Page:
The Whole Podshow Fiasco

In March 2007, Georgina and I attended a podcasting conference in London called PodcastCon, an event which turned out to be rather aptly named. Because it was there that we first came face to face with Adam Curry – the ex-DJ from Guildford who once claimed to have virtually invented podcasting single-handed.

[Note: Legend has it that Adam actually doctored the Wiki history of podcasting, adding his name several times and deleting the names of numerous others who had been involved in the creation of the technology. He has since apologised for this cyber-tampering, and offered a fairly lame explanation of why he did it.]

On that day in Exmouth Market, the self-styled Podfather was suave and charming, if a little cheesy, and Georgina managed to pin him in a corner, over a warm glass of Chardonnay, and talk to him about The Big Squeeze. Meanwhile, I stood chatting with one of Adam’s UK executives, Neil.

Neil was pumped up about Podshow’s hot new UK talent signing.  Apparently, he was funny, versatile, and sexy, and Curry’s Podshow Network were planning to make him into a big star!
“What’s his name?” I asked.
“Dr Cockney,” said Neil.

Georgina and I had met Neil before. He’d been instrumental in getting us involved in the Mobipod project, which had briefly enabled us to distribute our podcasts via mobile phones, and earned us a little beer money a couple of months before. His brain still swimming from the heady success of signing Dr. Cockney to the Podshow Network, Neil invited us to a meeting at Adam Curry’s London headquarters. These “headquarters” turned out to be a small flat over a wine bar in Old Street, but we were undeterred. This, after all, was our big break.

Neil made us a cup of tea in the kitchen, which also doubled as the meeting room and a TV studio, and he began to pitch to us all the amazing things that Podshow could do for our podcasting careers. Neil said he could get our podcast onto the prestigious online radio station Sirius. He said he could promote our show as a key product on Podshow’s Network. Most importantly, he could hook us up with a sponsor who “would enable us to be podcasting full time within a year.” In short, he’d make Georgina and I podcasting superstars.

To be fair to Georgina, I have to say that she was dubious about Neil,and the whole Podshow thing, right from the start. But, ever the optimist, I persuaded her that Podshow were the biggest podcasting network in the world, and that we were better off working with them than remaining as independents. Without getting a media lawyer to check it over for us, we signed one of Podshow’s standard promotional contracts, and were now a part of Adam’s worldwide podcasting family. A couple of weeks later, we set about creating a brand new weekly series, exclusively for Podshow. We came up with new items, recorded new jingles, and threw ourselves headlong into the whole Podshow experience. The Big Squeeze became The Sowerby and Luff Show.

We had already syndicated six Sowerby and Luff Shows before the promised sponsorship finally came through, several weeks later. The partner that Podshow lined up for us was a web domain marketing company called GoDaddy.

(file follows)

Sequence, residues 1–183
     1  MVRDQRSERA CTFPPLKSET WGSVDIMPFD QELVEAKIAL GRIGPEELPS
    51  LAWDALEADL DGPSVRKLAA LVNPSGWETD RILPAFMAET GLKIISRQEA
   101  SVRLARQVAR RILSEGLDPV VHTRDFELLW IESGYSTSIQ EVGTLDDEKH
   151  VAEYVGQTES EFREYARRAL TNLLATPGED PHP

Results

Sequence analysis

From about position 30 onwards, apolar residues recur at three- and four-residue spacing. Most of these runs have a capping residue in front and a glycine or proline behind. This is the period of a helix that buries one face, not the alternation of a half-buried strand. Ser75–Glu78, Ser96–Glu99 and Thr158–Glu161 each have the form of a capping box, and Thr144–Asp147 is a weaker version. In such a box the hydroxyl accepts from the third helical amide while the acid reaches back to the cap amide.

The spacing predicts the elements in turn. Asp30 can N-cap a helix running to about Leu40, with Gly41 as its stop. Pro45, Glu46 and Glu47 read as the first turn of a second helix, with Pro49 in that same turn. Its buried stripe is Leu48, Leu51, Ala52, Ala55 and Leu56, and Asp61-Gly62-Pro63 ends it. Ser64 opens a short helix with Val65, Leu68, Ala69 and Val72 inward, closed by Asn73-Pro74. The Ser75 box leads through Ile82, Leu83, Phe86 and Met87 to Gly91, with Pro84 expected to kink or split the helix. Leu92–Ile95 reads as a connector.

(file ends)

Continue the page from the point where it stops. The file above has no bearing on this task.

“So, how much are GoDaddy going to pay us?” I asked Neil.
“A hundred pounds,” said Neil.
“A hundred pounds per show isn’t very much,” I grimaced.
“Not a hundred pounds per show,” said Neil. “A hundred pounds a month.”
I laughed. “No, seriously,” I said. “How much are they going to pay us?”

The deal was that our sponsorship income would come from driving traffic to GoDaddy’s website, and if any of our listeners bought a domain name from the company, we’d be paid an impressive ₤1.50. Even a year before we’d been earning more from product endorsement than this, so the figures were a little disappointing to say the least.
“Don’t worry,” said Neil. There are podcasts in America making thousands from this sponsor. Just be patient.

OK, I was prepared to give Podshow the benefit of the doubt on the sponsorship front, as long as our audience began to build. But it didn’t. It fell. Not only did it fall, but it dropped almost out of sight. Podshow had promised Sowerby and Luff prominent promotion on their network, but day after day, week after week, all we saw heavily promoted on the Podshow UK network were our main U.S. competitors Dawn and Drew.

“Why are you promoting U.S. podcasts on your UK network?” we asked. “Where’s all the PR and promotion you promised for the Sowerby and Luff Show?” All we received in return was corporate bullshit. It was becoming increasingly obvious that Adam and his huge network cared little about Brian and Georgina. In the meantime we were losing the loyal listenership it had taken us almost 2 years to build. We started to get numerous emails from our audience saying that Podshow’s website was so confusing to use and slow to operate that they simply didn’t have time to subscribe to our new series. Life was too short.

Georgina and I had a crisis meeting. Before we lost anymore of our audience, we had to take action. We decided to distribute our podcast through both Podshow and our old feed Comedy 365. This feed was still running repeats of The Big Squeeze, and still had many thousands of existing Sowerby and Luff listeners, so we reasoned that this was probably the only way of re-building our audience before it was too late.
“You can’t do that,” said Neil at Podshow. “We have the exclusive right to syndicate your show on our network.”

“Neil,” I said. “We’re earning less from our show than we were before, and our audience is falling by the minute. What possible incentive do we have to not use our own feed to reach our own audience?”
“You’ll be in breach of contract,” said Neil.
“But that doesn’t mean anything,” I ranted “if we’re not benefitting from being in a relationship with Podshow.”
Neil dug in his heels. “Those are the terms of your contract,” he said.
“Neil,” I said, through gritted teeth, “If you were paying us a fair fee to produce the show for you, then you’d have the right to control its distribution. As it is, you’re having your cake and eating it. You’re getting virtually free content, and benefitting from exclusivity. You can’t have it both ways!”